Why did you choose to pursue a career in tax? Was there an ‘aha’ moment? If so, please describe.
I have always been drawn to and motivated by challenges, which has been a key factor in the shape and path of my career. I started studying accounting in school, but without a clear picture of what I wanted to do with my education. I actually do remember an “aha” moment, when I realized that my introductory tax class was the most challenging class I had taken in the business school to that point. I had to focus and put more effort into my tax classes in order to do well, and that is what drew me to tax as the focal point of my career.
From your career, is there a particular deal that sticks out to you as a turning point, or watershed moment for you, and why? What did you learn or take away from that deal?
It’s hard to point to a single deal. I have been fortunate to have great sponsors and mentors throughout my career who have believed in me and put me in the room or at the table even in situations where I didn’t personally feel I was ready. I’ve learned something significant in each one of those experiences. One lesson I believe in strongly is that there is no faster path to grow than stepping out of your comfort zone and tackling a challenge that scares you a bit.
What do you consider to be the greatest achievements of your career to date?
I’d say the relationships I’ve built with team members, colleagues and clients. It is extremely rewarding to see tax professionals I’ve mentored and coached over the years advance to the position of Partner or Managing Director with our firm. I’m also very proud of and thankful for the stellar roster of clients I’ve been able to collaborate with over my career. And then there are the individual team and project accomplishments that are also so rewarding—seeing a team band together to help a client achieve meaningful change, and seeing the client personnel really experience the benefits of the transformation I’ve helped them achieve.
Tax work in the pandemic era
What kind of challenges did you face adapting to the workplace amid the pandemic?
My biggest challenge involved stepping into a completely new leadership role three months into the pandemic, when it was impossible to travel to meet any of my new team members live. Building relationships virtually is certainly very different from building relationships face-to-face, and I’ve been learning some new communication skills. I’m still really looking forward to the time when I can meet my team members live, but in the meantime we’ll continue to Zoom! Personally, I really struggled with the change of pace the pandemic brought. As someone who was used to being on the road most weeks, the sudden shift to sitting in my home office every day made me feel very restless and disconnected.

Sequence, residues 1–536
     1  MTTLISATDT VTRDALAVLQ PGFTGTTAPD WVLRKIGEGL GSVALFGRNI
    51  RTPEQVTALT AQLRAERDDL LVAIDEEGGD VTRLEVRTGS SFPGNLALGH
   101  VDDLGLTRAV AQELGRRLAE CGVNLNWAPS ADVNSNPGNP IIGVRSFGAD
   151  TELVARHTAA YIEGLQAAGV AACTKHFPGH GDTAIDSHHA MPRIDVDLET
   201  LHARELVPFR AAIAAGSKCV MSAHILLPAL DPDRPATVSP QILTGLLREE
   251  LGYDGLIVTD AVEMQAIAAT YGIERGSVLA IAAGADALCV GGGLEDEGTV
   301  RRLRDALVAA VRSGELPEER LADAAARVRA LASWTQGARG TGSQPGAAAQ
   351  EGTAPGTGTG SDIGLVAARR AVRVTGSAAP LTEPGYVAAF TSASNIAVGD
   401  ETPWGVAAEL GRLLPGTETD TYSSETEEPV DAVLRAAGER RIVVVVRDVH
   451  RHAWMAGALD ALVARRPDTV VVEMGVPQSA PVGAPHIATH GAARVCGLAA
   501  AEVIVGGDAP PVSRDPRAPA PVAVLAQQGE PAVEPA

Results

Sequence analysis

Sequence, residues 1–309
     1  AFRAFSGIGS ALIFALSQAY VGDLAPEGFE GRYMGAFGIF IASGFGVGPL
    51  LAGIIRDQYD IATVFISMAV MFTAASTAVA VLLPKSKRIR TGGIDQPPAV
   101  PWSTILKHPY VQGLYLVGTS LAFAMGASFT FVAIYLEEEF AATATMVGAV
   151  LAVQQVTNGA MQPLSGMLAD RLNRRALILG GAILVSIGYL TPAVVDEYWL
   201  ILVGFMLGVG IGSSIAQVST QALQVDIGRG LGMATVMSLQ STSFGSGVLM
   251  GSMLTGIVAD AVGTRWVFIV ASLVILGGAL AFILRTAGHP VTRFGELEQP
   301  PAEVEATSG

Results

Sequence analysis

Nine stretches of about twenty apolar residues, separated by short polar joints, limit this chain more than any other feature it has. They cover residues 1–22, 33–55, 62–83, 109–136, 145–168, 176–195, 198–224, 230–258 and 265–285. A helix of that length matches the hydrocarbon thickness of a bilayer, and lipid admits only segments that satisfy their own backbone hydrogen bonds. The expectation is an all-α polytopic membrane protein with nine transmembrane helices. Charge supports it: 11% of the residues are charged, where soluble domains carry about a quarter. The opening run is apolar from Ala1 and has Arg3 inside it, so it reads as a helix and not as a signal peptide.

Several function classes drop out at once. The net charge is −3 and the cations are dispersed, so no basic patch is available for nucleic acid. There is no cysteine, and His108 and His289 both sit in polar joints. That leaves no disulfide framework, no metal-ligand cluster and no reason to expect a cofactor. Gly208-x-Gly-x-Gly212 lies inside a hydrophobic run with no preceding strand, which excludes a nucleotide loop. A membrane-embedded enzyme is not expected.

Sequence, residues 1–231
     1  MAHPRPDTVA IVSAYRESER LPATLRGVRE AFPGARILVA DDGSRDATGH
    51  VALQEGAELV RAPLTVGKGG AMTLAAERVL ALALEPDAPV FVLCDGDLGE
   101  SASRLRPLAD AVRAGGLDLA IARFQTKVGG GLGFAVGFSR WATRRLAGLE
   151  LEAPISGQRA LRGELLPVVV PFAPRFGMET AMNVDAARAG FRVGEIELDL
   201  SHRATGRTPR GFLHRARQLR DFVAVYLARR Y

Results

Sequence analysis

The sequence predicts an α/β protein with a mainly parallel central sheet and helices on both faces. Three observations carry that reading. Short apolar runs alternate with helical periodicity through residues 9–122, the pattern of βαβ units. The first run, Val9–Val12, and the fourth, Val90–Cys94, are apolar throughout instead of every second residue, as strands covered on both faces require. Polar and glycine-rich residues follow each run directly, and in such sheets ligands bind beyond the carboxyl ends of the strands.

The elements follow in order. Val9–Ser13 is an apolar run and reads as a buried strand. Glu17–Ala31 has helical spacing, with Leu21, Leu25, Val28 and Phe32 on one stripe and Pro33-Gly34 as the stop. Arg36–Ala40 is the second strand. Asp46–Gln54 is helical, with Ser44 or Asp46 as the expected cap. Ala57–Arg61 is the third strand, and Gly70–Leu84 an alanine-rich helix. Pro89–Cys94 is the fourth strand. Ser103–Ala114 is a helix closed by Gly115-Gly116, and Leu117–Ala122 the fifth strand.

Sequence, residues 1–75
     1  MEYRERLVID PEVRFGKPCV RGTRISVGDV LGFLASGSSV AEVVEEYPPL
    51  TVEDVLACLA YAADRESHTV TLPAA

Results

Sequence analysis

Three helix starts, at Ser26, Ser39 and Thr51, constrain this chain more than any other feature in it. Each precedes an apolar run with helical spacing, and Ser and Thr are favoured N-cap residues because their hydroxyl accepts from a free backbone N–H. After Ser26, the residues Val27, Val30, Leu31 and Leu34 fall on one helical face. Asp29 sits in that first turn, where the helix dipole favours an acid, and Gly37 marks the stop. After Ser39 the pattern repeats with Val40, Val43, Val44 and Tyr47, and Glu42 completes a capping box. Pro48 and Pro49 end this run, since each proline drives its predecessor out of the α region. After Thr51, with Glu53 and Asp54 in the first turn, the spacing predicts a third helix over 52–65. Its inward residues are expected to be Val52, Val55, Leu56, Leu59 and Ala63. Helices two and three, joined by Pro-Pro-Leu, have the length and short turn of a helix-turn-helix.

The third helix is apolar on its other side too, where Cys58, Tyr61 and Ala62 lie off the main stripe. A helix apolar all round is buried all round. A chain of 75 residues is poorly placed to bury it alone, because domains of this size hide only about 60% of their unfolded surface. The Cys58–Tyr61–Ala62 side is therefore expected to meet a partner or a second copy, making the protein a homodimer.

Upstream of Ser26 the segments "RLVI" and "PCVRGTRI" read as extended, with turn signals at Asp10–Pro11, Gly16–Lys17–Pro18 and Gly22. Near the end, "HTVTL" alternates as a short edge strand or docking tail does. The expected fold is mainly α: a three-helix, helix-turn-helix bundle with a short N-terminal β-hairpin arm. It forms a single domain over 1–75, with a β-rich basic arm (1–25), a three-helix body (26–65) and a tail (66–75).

Are there any initiatives that you have observed which you feel may help your clients deal with the repercussions of the Covid-19 pandemic?
Absolutely. Deloitte has developed some great materials on resiliency, including labs we are conducting on resilient leadership and beating burnout. I believe my clients will also benefit long-term from the increased focus on flexibility, the realization of just how flexible many of our professionals are, and the new skills we’ve all learned to work and collaborate productively in a virtual environment. From a technology and transformation standpoint, we have also experienced an increased focus on the tools we deliver to automate workflow and enable collaboration across remote teams.
What was one of the most interesting deals you worked on in the past year and why?
We’ve seen significant spin-off activity in the past year, and I’ve been working with a number of clients to analyze their resource needs and tax operating model post-spin—both for the original parent company and for the spin-off business. Those types of deals involve very interesting combinations of legacy processes and practices to evaluate, along with the potential to achieve a fresh start and design the tax department of the future from day one for the new business.
A career in tax
What key piece of advice would you give to young attorneys just getting into a firm or entry-level job? Is there something you wish you knew when you were first starting out?
Expect to never stop learning. Continually learning and growing is what has made my own career so rewarding. Expect to prove yourself, but also expect and believe that the people you work with and for genuinely want to support you and your success. Say yes to the opportunities that come your way—challenge yourself and you may be surprised at what you can achieve.
What does your firm do to nurture and promote talent? Do you think it compares well to others in your market in this area?
Absolutely. We have tremendous professional and personal development resources at Deloitte, and our commitment to investing as a firm in the well-being of our professionals has only intensified through the pandemic. Many of the courses and development opportunities I’ve had through my career have not only taught me on-the-job skills, but truly significant life and leadership skills.
What does the tax function of the future look like?
The future of tax means unprecedented growth and career opportunities for tax professionals, who will become extraordinarily valuable by not only understanding and applying tax law and policy, but also wielding technology and data management skills – as well as a deep understanding of the businesses they operate in – to enhance the advice they provide. Tax professionals will operate in less siloed environments and will be more closely integrated into the finance function. And as the more routine and mechanical aspects of tax calculations are automated, we will have increasing opportunities to focus on more meaningful and value-adding work.
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